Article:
Penticton, BC

The day I stopped complaining the world dripped like a peach. Hanging swim trunks, a glass of beer, a duck lifting its weight from water. People who are tired of everything come here. Ice cream later, a canal melting from cone to elbow. The row of tourist motels bursting with stories: a paddle boarder who saw the senior flailing after his drifting air mattress—he fell asleep, then fell off. Drunk teenagers who were diving off the pier with the NO DIVING sign pulled up his body. Our server at happy hour smashed down on the stone floor with our tray of mojitos, and shards of glass shot coloured lights in all directions like sunlight under water. The wife screaming on the beach. Our lost drinks. There was nothing to do but watch the film.

Sophie Newman

Opportunity Costs

Which fruit is better, the one that smells sweeter or the one that looks like it’s about to be born? I went to buy a dress, and I came back with a pair of overalls. At the baby shower, I looked like a child. What’s it called when you forget to make a decision about making a decision? What’s the French word for after age 26 your body begins a slow depreciation until death? I failed economics. I failed Hebrew school, but then again, I never did my homework. I could be a scholar, tucked away in some enchanted mountain lair with my stack of divine purpose, and instead I’m here, in the apartment with the lease that’s less than a year, wondering if I could have saved my basil if I’d paid more attention. In high school, my aptitude test said I should be a roofer or a clergyman. I should have known. There are always two choices, and you will kill someone on the train tracks either way. A synonym for potential is unrealized. There is a French word for singing a song without the lyrics, but it sounds like yogurt. I hope that astronauts who spend their lives in orbit don’t regret leaving gravity. I hope the Buddha was onto something. In another life, I’d grow a forest and live there like a beast.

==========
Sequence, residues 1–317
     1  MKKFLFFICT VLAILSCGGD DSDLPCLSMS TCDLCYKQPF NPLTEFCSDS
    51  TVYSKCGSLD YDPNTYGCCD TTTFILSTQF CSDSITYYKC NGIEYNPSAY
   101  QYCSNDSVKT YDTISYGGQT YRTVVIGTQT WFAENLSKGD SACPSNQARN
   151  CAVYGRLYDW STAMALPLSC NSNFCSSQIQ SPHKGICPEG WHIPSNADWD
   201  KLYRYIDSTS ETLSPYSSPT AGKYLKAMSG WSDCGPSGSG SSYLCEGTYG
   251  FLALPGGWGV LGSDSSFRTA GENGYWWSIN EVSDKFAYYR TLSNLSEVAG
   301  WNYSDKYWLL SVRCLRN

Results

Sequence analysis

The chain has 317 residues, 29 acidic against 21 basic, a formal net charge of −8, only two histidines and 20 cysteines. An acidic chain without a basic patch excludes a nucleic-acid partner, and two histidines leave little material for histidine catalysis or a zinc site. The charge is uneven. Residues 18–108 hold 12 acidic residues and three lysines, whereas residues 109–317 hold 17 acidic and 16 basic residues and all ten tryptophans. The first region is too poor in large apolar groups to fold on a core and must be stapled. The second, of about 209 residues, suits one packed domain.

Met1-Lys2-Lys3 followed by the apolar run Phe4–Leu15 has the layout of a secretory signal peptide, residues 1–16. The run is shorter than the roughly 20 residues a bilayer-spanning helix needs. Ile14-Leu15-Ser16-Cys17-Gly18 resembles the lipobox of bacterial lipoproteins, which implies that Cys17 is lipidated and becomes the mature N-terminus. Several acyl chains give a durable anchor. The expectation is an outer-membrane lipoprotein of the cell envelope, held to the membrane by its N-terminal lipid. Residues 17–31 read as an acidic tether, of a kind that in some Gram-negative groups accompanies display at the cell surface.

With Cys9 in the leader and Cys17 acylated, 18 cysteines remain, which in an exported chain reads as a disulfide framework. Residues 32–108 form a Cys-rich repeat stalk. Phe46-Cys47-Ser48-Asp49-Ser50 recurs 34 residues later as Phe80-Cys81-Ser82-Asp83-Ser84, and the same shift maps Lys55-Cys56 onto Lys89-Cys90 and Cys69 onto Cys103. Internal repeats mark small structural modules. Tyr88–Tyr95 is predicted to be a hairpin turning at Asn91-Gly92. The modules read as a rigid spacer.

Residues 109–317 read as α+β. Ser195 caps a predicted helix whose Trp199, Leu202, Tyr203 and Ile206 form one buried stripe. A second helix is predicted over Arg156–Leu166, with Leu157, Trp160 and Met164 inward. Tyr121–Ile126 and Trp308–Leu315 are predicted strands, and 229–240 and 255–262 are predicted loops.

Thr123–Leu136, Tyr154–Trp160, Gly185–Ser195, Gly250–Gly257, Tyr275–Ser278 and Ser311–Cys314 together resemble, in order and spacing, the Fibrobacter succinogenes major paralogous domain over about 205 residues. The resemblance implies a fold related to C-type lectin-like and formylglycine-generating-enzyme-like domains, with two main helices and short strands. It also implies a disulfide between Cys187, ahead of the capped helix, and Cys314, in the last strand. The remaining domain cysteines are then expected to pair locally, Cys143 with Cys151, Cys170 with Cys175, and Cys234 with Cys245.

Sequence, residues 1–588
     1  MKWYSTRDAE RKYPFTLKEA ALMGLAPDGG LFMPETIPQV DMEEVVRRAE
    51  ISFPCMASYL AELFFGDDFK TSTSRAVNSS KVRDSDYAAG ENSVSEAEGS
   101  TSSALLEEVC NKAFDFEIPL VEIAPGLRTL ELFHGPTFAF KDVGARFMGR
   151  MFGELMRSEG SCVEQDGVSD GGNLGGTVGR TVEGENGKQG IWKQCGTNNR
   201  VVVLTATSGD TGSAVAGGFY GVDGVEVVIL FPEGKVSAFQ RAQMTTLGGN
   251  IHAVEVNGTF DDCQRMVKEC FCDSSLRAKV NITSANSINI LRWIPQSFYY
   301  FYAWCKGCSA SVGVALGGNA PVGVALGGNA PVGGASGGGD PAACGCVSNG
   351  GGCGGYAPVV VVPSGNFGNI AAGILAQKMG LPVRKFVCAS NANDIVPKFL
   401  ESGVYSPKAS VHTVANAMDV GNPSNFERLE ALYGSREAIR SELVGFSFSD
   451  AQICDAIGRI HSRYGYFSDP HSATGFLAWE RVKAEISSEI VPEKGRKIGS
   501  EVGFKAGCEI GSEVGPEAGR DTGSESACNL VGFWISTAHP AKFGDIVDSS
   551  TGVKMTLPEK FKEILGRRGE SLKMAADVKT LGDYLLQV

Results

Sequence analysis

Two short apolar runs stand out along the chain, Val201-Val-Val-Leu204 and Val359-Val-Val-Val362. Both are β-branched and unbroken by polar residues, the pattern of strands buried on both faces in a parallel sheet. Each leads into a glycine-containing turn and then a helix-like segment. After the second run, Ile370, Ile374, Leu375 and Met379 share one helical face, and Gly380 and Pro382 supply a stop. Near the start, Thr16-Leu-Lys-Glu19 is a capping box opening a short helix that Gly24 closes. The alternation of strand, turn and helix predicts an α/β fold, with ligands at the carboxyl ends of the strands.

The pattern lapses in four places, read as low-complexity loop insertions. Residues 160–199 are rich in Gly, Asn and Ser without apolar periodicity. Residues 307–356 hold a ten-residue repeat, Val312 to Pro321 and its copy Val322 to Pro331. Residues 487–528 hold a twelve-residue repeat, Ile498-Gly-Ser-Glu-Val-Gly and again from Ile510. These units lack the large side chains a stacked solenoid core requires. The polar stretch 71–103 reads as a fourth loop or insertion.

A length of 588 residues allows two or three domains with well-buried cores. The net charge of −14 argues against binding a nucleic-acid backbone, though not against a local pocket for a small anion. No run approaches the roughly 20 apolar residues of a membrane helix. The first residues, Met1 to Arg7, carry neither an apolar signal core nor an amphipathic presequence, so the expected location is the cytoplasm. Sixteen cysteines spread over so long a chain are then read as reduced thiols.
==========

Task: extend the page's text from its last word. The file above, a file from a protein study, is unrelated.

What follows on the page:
Bryan Lindsey

Fire at the Ponderosa Pet Resort

A boarding kennel caught fire with seventy-five dogs inside. The news tells us they succumbed to smoke inhalation, most likely, not burns. Most likely not burns. So we see a room full of stacked wire crates filling with black smoke, and hear the barking and the clatter of the latches before silence. Not flames, or acrid melting fur, or the crescendo of whines. We built a memorial along the fence outside, printing pictures from Facebook for our friends, still out of town while their dogs died. Wove the stems of flowers through the chain link. We watched as the fire department brought their own dogs, trained to alert their handlers to the scent of accelerants in the ruins. To a dog, they say, smelling the ground is like reading the news. ♦